Intersection of factors

A representation of the incident. Source: ATSB

A runway incursion at Perth Airport reveals how easily the delicate equilibrium of forces, factors and fallibility behind safe operations can be upset

It’s no surprise the captain of the Qantas Boeing 737 that almost crossed in front of another Qantas aircraft on take-off made this mistake—someone was going to someday. The Australian Transport Safety Bureau’s (ATSB) extensive report into the incident makes it clear that this unsettling episode involved much more than human error.

The report summarises: ‘On 28 April 2018, a Qantas Boeing 737 (VH-XZM) landed on runway 03 at Perth, Western Australia. The aircraft exited the runway onto taxiway J2, which led to a holding point for crossing runway 06. The aircraft did not stop at the holding point and crossed an illuminated stop bar without an air traffic control clearance.

‘At that time, a second Qantas Boeing 737 (VH-VZL) had commenced take-off from runway 06. An automated warning alerted the aerodrome controller (ADC) of the stop bar violation and the controller issued an instruction for the departing 737 to stop immediately. Soon after, the flight crew of VH‑XZM became aware of their position and stopped just before crossing the edge of runway 06. VH-VZL’s wingtip passed about 15 m from VH-XZM’s nose at low speed.’

The puzzling thing, disrupting the popular idea that error is always linked to carelessness, is that the crew of the landing aircraft, XZM, did many things right. Before take-off from Sydney, they noted the newly installed stop bars at Perth Airport. The first officer, who was pilot-flying, gave a thorough and detailed pre-approach briefing.

However, the briefing used the apron chart, rather than the full airport chart, and from this, as far as can be known, came a mistaken idea in the captain’s mind: that their taxiway would be J1, leading straight to the terminal. For runway 06 this is true, but aircraft landing on the longer runway 03 have to cross runway 06, using taxiway J2, which leads on to J1. The apron chart does not show this. The junction of J2 and runway 06 was a known runway incursion hotspot but this was not included in the first officer’s briefing.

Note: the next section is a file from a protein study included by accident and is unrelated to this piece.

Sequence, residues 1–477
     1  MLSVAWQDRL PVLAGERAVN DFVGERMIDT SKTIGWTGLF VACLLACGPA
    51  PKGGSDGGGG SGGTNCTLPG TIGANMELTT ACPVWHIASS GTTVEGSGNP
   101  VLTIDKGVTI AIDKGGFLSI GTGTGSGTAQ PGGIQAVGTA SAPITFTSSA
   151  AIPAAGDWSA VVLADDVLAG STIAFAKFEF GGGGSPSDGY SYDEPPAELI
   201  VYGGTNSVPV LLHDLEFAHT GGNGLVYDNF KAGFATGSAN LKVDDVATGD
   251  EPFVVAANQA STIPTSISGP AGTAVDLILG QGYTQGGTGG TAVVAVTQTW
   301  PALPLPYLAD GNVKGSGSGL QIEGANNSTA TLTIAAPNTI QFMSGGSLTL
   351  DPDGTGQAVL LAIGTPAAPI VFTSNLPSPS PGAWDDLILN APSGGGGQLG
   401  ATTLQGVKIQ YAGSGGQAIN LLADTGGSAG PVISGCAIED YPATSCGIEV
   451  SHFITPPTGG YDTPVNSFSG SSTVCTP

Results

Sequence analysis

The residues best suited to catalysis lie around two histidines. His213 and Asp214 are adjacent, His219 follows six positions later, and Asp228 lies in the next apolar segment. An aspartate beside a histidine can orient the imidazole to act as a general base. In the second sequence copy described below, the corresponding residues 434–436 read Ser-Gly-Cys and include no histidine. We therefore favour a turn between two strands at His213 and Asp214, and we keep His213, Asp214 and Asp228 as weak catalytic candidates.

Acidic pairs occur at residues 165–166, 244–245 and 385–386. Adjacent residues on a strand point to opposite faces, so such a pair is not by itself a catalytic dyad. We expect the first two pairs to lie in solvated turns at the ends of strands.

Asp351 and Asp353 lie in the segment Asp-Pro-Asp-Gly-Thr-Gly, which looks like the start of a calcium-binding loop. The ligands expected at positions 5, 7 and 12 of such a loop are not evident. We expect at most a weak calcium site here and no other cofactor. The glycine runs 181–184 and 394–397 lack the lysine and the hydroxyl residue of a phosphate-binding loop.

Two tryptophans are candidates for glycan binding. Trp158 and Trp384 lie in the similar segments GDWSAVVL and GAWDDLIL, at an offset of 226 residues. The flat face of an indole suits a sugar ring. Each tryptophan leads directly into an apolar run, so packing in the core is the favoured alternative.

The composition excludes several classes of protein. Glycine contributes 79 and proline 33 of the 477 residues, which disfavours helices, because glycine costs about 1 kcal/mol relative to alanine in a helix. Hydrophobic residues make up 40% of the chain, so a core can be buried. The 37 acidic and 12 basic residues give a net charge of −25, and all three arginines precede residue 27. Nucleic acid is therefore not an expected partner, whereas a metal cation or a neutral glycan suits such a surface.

The apron chart for Perth. Source: ATSB

Their approach to runway 03 was a little more hurried than normal, with ATC requesting a high-speed approach to accommodate an aircraft a few miles behind. The captain focused on monitoring the first officer’s performance and, amid this concentration, forgot to request their preferred taxiway D, which leads directly from near the far end of runway 03 to the western terminal. The captain forgot to set the radio to Perth ground frequency, a very minor omission, in the usual course of events, admittedly.

After landing the captain took over from the first officer and, realising they had not requested taxiway D, braked firmly to leave the runway on taxiway J2. In the tower, the surface movement controller noted the landing XZM on taxiway J2 and, expecting it to stop, turned attention to another aircraft. About the same time the first officer, who  was expecting the captain to stop at the stop bar, realised the Perth ground frequency had not been set and looked down to select it. The aircraft was taxiing slowly by now and the first officer was expecting the captain to stop.

The captain saw the stop bar but, believing the aircraft was on taxiway J1, rationalised that its red light was not meant for them, or that it had been put in the wrong place. Here was a textbook case of confirmation bias—the human tendency to disregard facts that don’t fit our mental picture of the situation. As organisational psychologist Karl Weick pithily says, ‘Believing is seeing’.

Suddenly, several things happened almost at once: XZM crossed the illuminated stop bar which was the runway 06 holding point, an incursion alarm went off in the tower and the captain of the other 737 aborted their take-off, simultaneous with a ‘stop’ command from the tower. The crew of XZM, having changed to Perth ground (surface movement control) frequency, did not hear anything of this in their headsets before they saw the other aircraft and stopped to avoid it.

The ATSB report looked up and out, beyond the captain’s error. It found the location and design of taxiway J2 significantly increased the risk of a runway incursion on runway 06 (or its reciprocal runway 24) for aircraft landing on runway 03. Its shallow intersection angle and wide radius where it met runway 03 led to it being used at quite high speeds, although it was not a designated rapid-exit taxiway. This was an undesirable combination with its next intersection being with a runway, and with this intersection being relatively complicated. A stop bar mitigated this somewhat but, like a traffic light, a stop bar requires fully correct response 100 per cent of the time. Such perfection is inconsistent with human nature.

In response, Qantas put out a safety information notice to crews and Airservices Australia changed its settings for better automated tower alerts. But the main change to come from the incident was that Airservices Australia closed taxiway J2 and Perth Airport removed it from aerodrome charts. The captain of VH-XZM may, inadvertently, have done Australian aviation safety a favour.